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After a brief reprieve more wet weather is on the way for Southern California

A man in a poncho and large hat rides a horse in the rain through soggy terrain, making a splash
Gilberto Bueno rides a horse through a Duarte neighborhood as heavy rain pelted the region last week. Southern California is enjoying a brief reprieve from the wet weather, but it’s expected to return in a few days.
(Robert Gauthier/Los Angeles Times)
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Crisp morning temperatures will make way for sunny skies across Southern California this week, but don’t stash those umbrellas and rain boots away quite yet. More wet weather is on the horizon.

Map showing predicted precipitation in Calif. from Feb. 14-21.
(Paul Duginski / Los Angeles Times)

Temperatures throughout the week are expected to range from the mid- to upper 60s along the coast, right around normal for February, said Mike Wofford, a meteorologist with the National Weather Service in Oxnard.

An offshore flow, which keeps air moving from land to sea, will weaken in the coming days, allowing for a chilly sea breeze to sweep across the region and drop daytime high temperatures a degree or two into the mid-60s. Overnight temperatures are expected to be particularly brisk, dropping to the low to mid-40s in some areas, according to the weather service.

“It’ll be kind of chilly in the morning, but it’s going to be a pretty nice week for the most part,” Wofford said.

Forecasters anticipate a storm system will begin showering the region with rain by Sunday. It’s not clear how much precipitation it could bring, but Wofford said early estimates show anywhere from 2 to 4 inches of rain in the valley and coastal areas.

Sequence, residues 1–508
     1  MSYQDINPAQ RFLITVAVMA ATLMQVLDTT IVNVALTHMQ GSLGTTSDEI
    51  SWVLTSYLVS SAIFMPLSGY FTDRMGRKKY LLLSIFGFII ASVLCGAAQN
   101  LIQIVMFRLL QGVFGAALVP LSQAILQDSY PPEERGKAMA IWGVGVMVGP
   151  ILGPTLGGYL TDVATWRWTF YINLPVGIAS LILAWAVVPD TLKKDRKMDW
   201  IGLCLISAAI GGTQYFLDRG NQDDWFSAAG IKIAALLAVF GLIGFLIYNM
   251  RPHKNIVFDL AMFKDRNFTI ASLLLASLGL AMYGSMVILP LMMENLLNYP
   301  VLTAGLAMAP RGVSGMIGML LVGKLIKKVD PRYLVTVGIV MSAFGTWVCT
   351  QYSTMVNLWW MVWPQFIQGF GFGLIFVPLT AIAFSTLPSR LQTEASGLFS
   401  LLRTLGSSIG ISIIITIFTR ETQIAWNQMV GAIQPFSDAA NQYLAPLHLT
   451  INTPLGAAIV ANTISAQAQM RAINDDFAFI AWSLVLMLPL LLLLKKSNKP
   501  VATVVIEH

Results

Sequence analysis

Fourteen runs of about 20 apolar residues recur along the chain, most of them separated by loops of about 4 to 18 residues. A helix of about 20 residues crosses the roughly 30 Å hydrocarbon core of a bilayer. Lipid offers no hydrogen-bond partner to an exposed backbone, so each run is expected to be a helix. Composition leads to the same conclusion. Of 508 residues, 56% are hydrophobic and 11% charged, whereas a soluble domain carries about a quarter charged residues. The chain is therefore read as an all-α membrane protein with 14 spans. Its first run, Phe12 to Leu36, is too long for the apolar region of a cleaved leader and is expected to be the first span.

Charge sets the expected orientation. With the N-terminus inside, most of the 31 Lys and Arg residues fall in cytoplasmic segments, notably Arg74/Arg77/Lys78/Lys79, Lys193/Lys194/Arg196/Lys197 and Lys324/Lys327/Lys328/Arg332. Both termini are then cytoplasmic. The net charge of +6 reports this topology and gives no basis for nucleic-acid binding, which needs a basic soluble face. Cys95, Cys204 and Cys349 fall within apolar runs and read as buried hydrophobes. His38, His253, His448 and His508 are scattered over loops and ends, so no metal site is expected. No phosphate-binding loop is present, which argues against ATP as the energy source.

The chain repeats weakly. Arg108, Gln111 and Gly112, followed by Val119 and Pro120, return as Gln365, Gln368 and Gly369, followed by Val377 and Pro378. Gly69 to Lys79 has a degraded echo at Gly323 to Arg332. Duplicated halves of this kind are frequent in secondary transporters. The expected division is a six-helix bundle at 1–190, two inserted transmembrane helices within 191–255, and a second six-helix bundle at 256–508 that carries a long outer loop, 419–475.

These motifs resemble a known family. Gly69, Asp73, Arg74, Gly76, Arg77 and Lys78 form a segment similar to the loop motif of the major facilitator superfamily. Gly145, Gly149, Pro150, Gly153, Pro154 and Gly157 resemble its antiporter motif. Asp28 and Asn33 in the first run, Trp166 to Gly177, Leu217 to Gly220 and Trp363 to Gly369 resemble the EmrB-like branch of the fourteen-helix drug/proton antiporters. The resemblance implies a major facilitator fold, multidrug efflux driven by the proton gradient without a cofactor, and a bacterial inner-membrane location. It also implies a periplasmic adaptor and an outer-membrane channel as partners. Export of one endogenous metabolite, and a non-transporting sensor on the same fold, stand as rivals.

Last week an atmospheric river, brought five days of drenching rain and heavy snow to California. The storm, made more severe because of El Nino and climate change, is the largest so far in the state this winter.

Southern California rain totals from the last five days topped 14 inches in some areas, easily besting the average for the entire month of February.

Feb. 8, 2024

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Strong downpours triggered more than 500 mudslides in the city of Los Angeles alone. It damaged more than 45 homes or buildings, flooded roads, forced dozens of evacuations and knocked out power to residents, sometimes for days. Nine people died in the storm.

It’s still too early to determine what all this wet weather will mean for California’s water supply.

Recent storms have filled the state’s largest reservoirs to 118% of their historical average. Statewide precipitation is 102% of average for the date, with more than 13 inches falling since the start of the water year on Oct. 1, according to state data.

The storms also haven’t brought enough snow to replenish the Sierra Nevada snowpack, which remains a key component of the state’s water supply. Snow is anticipated in this weekend’s storm, but it’s not clear just how much, forecasters say.

There’s a 55% chance La Niña could develop between June and August, and a 77% chance it could develop between September and November, NOAA said.

Feb. 10, 2024

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The latest series of storms boosted the snowpack statewide to to 76% of average for the date. But, it remains only about halfway to its April 1 peak, according to data provided by the California Department of Water Resources.

“It’ll be a decent storm and certainly an above average storm,” Wofford said of the system moving into California over the weekend. “We’re not confident yet if it’s going to be anything like what we saw last time, but there’s some potential of that.”

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